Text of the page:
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Kyle C. McDermott, Jeffrey B. Mulligan, George Bebis, Michael A. Webster; Visual search in familiar contexts - effects of learning or adaptation?. Journal of Vision 2006;6(6):527. doi: 10.1167/6.6.527.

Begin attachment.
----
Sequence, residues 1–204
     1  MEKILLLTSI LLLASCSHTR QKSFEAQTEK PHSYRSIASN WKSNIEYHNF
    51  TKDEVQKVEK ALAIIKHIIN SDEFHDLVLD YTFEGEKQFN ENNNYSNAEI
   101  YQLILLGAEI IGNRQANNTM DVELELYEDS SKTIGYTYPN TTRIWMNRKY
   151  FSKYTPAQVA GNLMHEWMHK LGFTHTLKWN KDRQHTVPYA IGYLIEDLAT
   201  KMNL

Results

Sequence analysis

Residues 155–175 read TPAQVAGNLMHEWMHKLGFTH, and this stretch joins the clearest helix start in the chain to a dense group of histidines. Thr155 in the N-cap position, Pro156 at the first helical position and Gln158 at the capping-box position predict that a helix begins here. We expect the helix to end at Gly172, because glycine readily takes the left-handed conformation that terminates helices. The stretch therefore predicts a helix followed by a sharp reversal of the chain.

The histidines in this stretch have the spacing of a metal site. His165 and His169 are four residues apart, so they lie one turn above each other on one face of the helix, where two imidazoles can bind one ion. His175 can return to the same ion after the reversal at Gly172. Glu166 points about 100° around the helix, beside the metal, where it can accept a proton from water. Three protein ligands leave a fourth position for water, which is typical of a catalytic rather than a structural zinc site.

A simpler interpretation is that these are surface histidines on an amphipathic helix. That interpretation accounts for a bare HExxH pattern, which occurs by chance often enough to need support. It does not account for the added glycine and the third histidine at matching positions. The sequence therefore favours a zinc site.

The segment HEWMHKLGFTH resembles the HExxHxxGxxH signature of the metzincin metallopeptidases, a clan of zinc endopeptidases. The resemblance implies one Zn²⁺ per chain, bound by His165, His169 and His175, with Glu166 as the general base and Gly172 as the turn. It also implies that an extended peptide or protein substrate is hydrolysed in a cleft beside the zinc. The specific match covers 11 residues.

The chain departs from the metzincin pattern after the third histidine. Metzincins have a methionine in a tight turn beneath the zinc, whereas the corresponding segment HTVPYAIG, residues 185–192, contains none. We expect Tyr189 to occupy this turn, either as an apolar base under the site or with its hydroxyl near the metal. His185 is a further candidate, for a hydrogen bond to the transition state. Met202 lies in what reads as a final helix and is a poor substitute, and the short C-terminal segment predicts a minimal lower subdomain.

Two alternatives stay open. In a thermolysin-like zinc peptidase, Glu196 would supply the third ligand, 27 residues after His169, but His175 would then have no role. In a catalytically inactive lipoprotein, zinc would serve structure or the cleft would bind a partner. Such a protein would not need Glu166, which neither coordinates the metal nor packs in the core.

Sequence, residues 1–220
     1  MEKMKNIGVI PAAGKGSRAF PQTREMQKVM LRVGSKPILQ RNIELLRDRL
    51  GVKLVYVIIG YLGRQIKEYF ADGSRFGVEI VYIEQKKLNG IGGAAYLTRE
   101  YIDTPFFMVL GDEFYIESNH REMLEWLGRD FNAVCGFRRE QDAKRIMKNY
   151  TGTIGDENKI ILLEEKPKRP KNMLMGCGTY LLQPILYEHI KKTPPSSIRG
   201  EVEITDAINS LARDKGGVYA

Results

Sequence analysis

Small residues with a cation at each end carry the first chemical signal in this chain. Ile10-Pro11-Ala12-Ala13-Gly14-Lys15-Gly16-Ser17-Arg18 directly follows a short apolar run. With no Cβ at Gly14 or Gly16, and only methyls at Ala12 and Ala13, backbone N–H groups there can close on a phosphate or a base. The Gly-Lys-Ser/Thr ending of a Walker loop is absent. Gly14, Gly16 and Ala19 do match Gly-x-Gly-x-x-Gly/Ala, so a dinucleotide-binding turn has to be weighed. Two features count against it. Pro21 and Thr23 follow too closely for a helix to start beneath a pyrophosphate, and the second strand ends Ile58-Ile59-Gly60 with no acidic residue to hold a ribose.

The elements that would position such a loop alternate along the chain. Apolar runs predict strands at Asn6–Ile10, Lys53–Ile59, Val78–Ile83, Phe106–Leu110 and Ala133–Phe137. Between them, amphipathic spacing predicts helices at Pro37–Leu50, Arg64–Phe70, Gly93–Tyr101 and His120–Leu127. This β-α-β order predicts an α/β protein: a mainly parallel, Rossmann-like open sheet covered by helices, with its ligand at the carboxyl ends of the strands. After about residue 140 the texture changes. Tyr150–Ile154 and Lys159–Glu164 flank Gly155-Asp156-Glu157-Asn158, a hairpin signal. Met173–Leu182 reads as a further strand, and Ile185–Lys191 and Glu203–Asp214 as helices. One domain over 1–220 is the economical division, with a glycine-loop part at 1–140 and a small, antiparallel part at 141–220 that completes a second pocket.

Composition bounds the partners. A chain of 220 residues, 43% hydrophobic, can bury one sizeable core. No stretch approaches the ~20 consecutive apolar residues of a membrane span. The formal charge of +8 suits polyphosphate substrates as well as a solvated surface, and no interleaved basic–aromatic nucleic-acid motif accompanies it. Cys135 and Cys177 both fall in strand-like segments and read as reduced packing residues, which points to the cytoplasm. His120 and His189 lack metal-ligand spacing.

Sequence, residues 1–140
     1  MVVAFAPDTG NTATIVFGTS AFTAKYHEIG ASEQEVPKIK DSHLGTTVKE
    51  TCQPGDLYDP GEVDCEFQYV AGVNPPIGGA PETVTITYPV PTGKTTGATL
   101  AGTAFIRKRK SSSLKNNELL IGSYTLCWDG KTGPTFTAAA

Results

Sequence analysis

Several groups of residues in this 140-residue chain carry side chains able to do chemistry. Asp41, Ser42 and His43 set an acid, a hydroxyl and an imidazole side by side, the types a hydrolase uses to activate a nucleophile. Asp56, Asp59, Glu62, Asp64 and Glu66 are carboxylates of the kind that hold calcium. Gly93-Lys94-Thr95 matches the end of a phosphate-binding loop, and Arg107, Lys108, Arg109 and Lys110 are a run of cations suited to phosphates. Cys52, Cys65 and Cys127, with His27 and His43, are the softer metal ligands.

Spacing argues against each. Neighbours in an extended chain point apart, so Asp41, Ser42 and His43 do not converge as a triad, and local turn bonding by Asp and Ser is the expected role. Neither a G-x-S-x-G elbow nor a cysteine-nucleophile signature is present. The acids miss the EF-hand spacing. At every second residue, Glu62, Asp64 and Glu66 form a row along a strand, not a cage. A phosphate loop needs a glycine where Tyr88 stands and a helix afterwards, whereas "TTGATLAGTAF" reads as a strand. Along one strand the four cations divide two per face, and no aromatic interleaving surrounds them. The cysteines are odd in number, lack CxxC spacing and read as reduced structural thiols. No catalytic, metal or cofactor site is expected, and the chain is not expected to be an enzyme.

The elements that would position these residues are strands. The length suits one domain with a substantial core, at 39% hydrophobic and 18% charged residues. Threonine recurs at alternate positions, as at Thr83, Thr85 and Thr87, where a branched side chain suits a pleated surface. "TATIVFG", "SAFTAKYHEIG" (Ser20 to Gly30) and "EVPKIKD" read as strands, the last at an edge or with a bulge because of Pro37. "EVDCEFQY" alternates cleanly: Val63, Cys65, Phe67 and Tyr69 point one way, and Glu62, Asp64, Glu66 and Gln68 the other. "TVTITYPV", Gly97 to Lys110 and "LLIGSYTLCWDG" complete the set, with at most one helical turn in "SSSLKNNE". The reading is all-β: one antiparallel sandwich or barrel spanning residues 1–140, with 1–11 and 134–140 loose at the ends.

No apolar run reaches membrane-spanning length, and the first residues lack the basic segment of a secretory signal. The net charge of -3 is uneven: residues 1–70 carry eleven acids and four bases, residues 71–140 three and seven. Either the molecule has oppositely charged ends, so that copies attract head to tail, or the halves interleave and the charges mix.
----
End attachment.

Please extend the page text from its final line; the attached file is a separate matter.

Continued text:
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Search times for detecting a novel color on a background of varying colors are faster when observers are previously exposed to the background colors. We examined whether this improvement reflects changes in color salience resulting from adaptation to the background vs. changes in search strategies or learning for familiar backgrounds. The target was an ellipse at a random location on backgrounds of overlapping ellipses. Target colors varied across trials over a wide range. The luminance and color of background elements varied randomly by sampling from different color distributions. In the first condition, we used selective distributions with colors confined to the LM or S cardinal axes. Subjects first viewed sequences of LM or S backgrounds for 2 min and then searched for targets on an LM or S background. Searches were monitored with a CRS eyetracker and terminated when the targets were fixated for 0.5 sec. Targets were located more quickly on the pre-exposed backgrounds. However, eye movements patterns (e.g. fixation durations and saccade lengths) did not differ across the two backgrounds, suggesting that sampling strategies remained similar. In a second condition, we measured search on a nonselective color distribution drawn from a circle of hues at fixed contrast. Prior exposure to this background did not facilitate search for novel contrasts relative to an achromatic adapting background, suggesting that subjects were not simply learning the background distributions. Instead, results for both conditions are consistent with a selective adaptation effect that enhances the salience of novel stimuli by discounting the background.
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